Is your website using Ajax? Are you calling a server process from a client-side application? If so, prepare yourself for a visit from Eolas’ lawyers. The company filed a US patent in 2002 and they are actively progressing infringement cases against a long list of companies including Adobe, Amazon, Apple, Blockbuster, Citigroup, eBay, Pepsi, Go Daddy, Google, JC Penney, JP Morgan Chase, Office Depot, Perot Systems, Playboy Enterprises, Staples, Sun Microsystems, Texas Instruments, Yahoo, and YouTube.
A Brief History of Ajax
Most Ajax systems utilize the XMLHttpRequest object which permits programmatic server communication. It was introduced by Microsoft in March 1999 when Internet Explorer 5.0 was released. The original implementation was an ActiveX object devised specifically for the Outlook Web Access system. Most browser vendors followed Microsoft’s lead and implemented XMLHttpRequest as a native browser object.
Many of the dynamic web applications we rely on today would not be possible without Ajax techniques.
Does Eolas Have a Valid Ajax Patent?
Eolas Technologies is the company that fought Microsoft over the use of embedded browser applets, such as Flash. Eolas won that case and were awarded over $500 million in 2003. For several years, IE had to show a ridiculous alert box whenever an embedded object was encountered in the HTML.
Eolas 7,599,985 is a continuation of the original patent and has the snappy title “Distributed hypermedia method and system for automatically invoking external application providing interaction and display of embedded objects within a hypermedia document”. It was filed on 9 August 2002 and describes Ajax-like systems. Here’s an excerpt:
A system allowing user of a browser program on a computer connected to an open distributed hypermedia [web page] to access and execute an embedded programming object. The program object is embedded into a hypermedia document much like data objects.
The user may select the program object from the screen. Once selected the program executes on the user’s (client’s) computer or may execute on a remote server or additional remote computers in a distributed processing arrangement.
After launching the program object, the user is able to interact with the object as the invention provides for ongoing interprocess communication between the application object (program) and the browser program.
The present invention allows a user at a client computer connected to a network to locate, retrieve, and manipulate objects in an interactive way. The invention not only allows the user to use a hypermedia format to locate and retrieve program objects, but also allows the user to interact with an application program located at a remote computer.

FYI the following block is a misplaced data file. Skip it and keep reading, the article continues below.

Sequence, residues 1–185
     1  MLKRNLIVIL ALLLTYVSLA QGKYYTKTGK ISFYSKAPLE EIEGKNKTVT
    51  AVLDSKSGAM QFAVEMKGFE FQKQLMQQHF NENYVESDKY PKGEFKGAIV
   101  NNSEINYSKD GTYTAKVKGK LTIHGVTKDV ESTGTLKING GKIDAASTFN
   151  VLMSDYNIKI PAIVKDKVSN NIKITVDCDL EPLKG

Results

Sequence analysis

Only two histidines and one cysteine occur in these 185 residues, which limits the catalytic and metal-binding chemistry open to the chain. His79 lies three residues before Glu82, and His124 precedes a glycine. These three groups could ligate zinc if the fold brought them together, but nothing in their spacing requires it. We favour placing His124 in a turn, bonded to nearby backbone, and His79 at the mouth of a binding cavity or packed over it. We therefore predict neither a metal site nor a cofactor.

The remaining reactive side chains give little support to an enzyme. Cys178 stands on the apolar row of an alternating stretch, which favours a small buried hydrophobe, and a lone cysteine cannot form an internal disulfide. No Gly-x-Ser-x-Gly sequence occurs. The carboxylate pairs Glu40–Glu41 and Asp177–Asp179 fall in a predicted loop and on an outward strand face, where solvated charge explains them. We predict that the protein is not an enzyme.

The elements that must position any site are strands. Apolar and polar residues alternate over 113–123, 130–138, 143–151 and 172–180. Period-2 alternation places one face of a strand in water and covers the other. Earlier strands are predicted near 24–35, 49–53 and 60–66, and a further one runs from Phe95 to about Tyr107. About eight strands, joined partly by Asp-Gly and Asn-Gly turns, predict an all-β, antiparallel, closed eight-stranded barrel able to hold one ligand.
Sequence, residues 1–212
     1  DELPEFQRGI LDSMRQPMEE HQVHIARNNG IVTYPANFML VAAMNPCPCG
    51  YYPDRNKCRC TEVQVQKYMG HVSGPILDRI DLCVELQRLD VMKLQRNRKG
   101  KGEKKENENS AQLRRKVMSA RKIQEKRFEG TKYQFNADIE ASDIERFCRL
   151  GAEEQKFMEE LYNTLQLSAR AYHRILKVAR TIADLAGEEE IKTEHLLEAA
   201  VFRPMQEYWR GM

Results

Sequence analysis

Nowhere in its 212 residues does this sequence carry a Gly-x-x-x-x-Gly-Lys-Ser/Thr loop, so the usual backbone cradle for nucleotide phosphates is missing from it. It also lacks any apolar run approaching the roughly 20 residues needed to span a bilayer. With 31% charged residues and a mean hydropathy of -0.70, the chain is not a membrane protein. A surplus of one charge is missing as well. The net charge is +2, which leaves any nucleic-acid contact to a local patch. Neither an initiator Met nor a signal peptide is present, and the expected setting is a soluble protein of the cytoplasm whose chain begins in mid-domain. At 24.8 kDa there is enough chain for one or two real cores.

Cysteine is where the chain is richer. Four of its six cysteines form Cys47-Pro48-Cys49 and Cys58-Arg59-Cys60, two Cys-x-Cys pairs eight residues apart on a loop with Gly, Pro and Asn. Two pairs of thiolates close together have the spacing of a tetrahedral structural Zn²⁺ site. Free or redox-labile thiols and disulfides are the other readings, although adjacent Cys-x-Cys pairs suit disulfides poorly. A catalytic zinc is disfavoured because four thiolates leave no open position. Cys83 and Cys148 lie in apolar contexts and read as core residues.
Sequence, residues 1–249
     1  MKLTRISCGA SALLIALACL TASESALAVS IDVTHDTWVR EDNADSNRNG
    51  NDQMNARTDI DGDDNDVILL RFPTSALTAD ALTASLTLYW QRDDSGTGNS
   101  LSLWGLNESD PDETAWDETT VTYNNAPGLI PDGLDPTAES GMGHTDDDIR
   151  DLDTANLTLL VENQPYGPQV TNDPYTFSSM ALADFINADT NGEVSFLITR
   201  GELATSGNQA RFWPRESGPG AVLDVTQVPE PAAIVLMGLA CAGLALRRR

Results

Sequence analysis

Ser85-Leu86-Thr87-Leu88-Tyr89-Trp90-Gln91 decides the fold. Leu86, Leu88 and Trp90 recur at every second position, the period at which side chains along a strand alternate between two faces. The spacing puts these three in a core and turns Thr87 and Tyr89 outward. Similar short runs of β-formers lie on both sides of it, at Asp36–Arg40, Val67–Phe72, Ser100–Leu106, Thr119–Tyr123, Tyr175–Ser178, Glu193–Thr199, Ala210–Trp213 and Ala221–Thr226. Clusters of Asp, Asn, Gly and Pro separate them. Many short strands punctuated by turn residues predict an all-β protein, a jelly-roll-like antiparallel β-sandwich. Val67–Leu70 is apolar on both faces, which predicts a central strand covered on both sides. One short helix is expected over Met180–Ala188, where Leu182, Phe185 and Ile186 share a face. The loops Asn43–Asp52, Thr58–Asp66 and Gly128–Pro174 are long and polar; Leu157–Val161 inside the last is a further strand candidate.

Interprocess communication between the hypermedia browser and the embedded application program is ongoing after the program object has been launched. The use is able to use a vast amount of computing power beyond that which is contained in the user’s client computer.
To most developers, the Eolas claim is absurd:
- Ajax is a programming technique — not a technology.
- Eolas did not define the name ‘Ajax’ or provide technical implementation details.
- Ajax technologies and techniques existed before the patent was filed. Microsoft’s first implementation of XMLHttpRequest was developed 40 months before the Eolas patent was filed, although it took several years for developers to realize its power. Prior to XMLHttpRequest, on-page server communication was still achieved using more rudimentary techniques such as IFrames or dynamic script injections.
- Ajax has been adopted by millions of websites — can Eolas file lawsuits against them all?
- The patent is vague and could be applied to a wide range of web page interactions.
However, it has been ruled as valid by the US Patent Office on three separate occasions. If Eolas win their infringement case, there is nothing to stop them taking out a lawsuit against … everyone.
Will Common Sense Prevail?
Who knows what will happen once the lawyers become involved.
I’m no legal expert, but it appears that Eolas have filed a US patent — which does not necessarily apply worldwide. Could we see a situation where US companies hand their web development and hosting to offshore providers to avoid a lawsuit? If that’s the case, perhaps Eolas should consider their impact on the US economy?
Does Eolas have a valid Ajax patent? Is this another good reason to abolish software patents? Read the Eolas Lawsuit press release and decide for yourself.